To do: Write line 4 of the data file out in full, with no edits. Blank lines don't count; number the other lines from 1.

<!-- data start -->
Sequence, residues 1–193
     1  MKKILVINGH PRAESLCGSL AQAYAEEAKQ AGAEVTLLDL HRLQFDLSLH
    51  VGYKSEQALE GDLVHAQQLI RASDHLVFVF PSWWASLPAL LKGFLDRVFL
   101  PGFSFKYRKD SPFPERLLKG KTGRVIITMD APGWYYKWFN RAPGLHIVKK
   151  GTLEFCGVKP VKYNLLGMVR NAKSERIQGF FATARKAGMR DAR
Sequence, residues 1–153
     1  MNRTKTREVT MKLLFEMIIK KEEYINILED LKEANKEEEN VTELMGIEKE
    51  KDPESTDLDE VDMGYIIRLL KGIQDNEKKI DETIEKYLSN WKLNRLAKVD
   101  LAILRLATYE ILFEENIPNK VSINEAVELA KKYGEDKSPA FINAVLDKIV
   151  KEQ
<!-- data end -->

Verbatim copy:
   101  PGFSFKYRKD SPFPERLLKG KTGRVIITMD APGWYYKWFN RAPGLHIVKK